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Standing Firm Under Pressure

This is the Candid Opinion blog and now it's time to be candid about the 4thWay® Risk Ratings.

We’re proud of our scoring system and we’ll only get more proud as it proves itself and as we improve on it. The feedback we're getting from the P2P lending industry is that they think what we're doing is a really good thing.

But will our risk scores always work out?

What happens when it all goes wrong?

Some of the P2P lending companies, like RateSetter and Lending Works, make it easy for us by being extraordinarily safe and easy to use. 

But consider any P2P opportunities that have more of a grey area and it becomes more urgent that our 4thWay® Risk Ratings reflect reality.

 We have to accept – and we tell this to you as often as possible – that the 4thWay® Risk Ratings are not infallible and, like all risk-ratings systems, they will probably fail at some point, for some lenders.

We don’t like speaking badly of our baby, and we’re going to do our best to not let a single one of you down, but we fear that no mathematical formula can protect all lenders from losing to inflation over a five-year period.

So we’re going to hope and try to protect all of you from disappointment, but we might have to be satisfied with protecting most of you.

What we know for sure is that it will be a big shock to us whenever we are wrong. Sad and depressing. And embarrassing.

So we’re going to do everything possible to be right.

Get it right yourselves first

The 4thWay® Risk Ratings assume you spread your money across lots of loans. If you don’t, and things go wrong, that is probably not the fault of the 4thWay® Risk Ratings.

At this stage, we think, generally speaking, spreading your money across 50-150 loans is enough diversification for low-risk lending and 100 to several hundred is appropriate for higher-risk lending.

Why might the 4thWay® Risk Ratings go wrong?

But this blog is about how, when and why we might get it wrong, not you.

So we need to constantly improve.

All risk-ratings agencies do the same, but the improvements we can make in the early months and years could be far more powerful than, say, what Moody’s achieves, because the industry and our ratings are so new. Each new piece of data we can incorporate or objective improvement to methodology we make will probably have a significant impact on the quality of our scoring system.

We are reliant on the P2P lending companies

The risk scores have to be based on the information supplied by the P2P lending companies themselves. This is a strength and a weakness of the 4thWay® Risk Ratings.

This is a strength, because there is no one who will understand the risks of their own businesses better than those founders, directors and their teams of data scientists.

It is also a weakness, because they can be selective of what information they share, they might be slow to update the information (especially if it’s not in their interests) and they might downright lie.

We make adjustments for new P2P lending companies or those that have done very few loans, but otherwise we have to rely on their figures.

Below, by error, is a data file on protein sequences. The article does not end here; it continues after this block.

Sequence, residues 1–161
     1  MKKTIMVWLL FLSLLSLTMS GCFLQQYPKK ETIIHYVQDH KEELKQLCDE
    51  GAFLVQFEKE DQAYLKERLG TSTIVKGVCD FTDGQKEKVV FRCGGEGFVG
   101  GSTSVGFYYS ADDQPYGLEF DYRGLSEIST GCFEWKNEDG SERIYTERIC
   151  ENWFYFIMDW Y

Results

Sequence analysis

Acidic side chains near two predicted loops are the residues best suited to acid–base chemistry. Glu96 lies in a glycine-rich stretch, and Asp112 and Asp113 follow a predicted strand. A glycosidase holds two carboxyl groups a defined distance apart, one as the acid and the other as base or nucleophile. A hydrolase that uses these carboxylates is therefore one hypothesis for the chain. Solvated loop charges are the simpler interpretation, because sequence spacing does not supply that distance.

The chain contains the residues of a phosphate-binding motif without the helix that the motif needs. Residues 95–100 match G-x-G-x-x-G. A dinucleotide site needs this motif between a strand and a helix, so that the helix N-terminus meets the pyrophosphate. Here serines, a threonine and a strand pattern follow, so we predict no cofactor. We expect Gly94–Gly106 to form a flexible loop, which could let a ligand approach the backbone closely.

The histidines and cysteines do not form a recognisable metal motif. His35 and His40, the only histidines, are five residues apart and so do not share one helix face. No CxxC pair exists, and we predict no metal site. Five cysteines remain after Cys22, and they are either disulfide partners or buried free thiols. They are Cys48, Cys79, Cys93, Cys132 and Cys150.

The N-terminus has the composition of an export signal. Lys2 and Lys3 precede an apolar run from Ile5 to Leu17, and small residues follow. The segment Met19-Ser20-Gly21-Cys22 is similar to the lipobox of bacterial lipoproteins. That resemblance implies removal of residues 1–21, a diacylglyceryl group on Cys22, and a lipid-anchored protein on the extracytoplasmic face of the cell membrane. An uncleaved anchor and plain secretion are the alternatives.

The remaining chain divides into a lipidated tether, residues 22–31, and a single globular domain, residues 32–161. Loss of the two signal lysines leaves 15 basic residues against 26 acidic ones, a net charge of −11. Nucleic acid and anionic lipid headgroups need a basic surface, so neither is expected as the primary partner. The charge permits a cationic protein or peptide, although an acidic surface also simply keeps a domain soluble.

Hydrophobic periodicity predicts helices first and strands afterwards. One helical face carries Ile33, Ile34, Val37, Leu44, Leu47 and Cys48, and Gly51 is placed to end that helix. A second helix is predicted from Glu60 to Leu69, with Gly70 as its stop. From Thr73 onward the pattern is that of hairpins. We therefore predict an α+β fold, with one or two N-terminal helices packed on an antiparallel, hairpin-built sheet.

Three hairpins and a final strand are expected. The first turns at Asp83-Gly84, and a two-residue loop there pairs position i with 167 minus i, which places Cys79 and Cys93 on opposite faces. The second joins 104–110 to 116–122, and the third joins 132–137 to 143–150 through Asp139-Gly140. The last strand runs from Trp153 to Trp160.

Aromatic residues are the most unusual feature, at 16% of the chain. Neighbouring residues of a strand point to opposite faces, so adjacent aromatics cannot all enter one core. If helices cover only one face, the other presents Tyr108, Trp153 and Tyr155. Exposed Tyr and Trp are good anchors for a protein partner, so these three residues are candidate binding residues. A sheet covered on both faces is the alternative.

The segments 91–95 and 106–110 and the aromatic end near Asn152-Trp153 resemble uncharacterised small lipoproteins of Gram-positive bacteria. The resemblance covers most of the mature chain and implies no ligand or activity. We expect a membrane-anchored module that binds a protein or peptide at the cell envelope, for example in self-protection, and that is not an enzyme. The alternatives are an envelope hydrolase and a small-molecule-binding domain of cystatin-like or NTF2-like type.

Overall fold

That’s not to say we ignore strange and disturbing signals. If we see that a P2P lending company is beginning to accept far more loan applications than previously, but it doesn’t say that it’s bad-debt rate will rise, we need to flag this as a possible warning sign. If we get lots of warning signs, or disturbing information, we might need to suspend the company’s 4thWay® Risk Rating.

That strange and disturbing information needs to be passed on to you directly – and that is regardless of whether we receive commission from that company or not. We’d rather lose commission than a shred of our reputation. That’s why our reports are candid on both the positives and negatives without holding back. 

We’re starting almost from the beginning

The credit specialist we consulted to devise our 4thWay® Risk Ratings (a senior person at one of the major accountancy firms) made it clear to us that we shouldn't assume a P2P lending company is low risk because the types of loans it provides often are low risk too. And we can’t assume the opposite: that a loan type is likely to be high risk because it often is elsewhere.

Just for example, short-term property loans are often especially risky if the borrower doesn’t make any repayments at all, not even interest, until the end of the loan. Our credit specialist would typically advise against lending in such a proposition until it has a decent track record.

However, he says that if there is a very fat margin between the loan size and the value of the property, that’s different. Perhaps you might suffer a big delay in getting your money back, but the risk of losing money is greatly reduced.

So, rather than make generalisations, we will be far better off, on average, using the P2P lending companies’ own forecasts and making some small adjustments when they’re new, to allow for error or understatement, or making adjustments when they prove their forecasts are consistently inaccurate over the long run.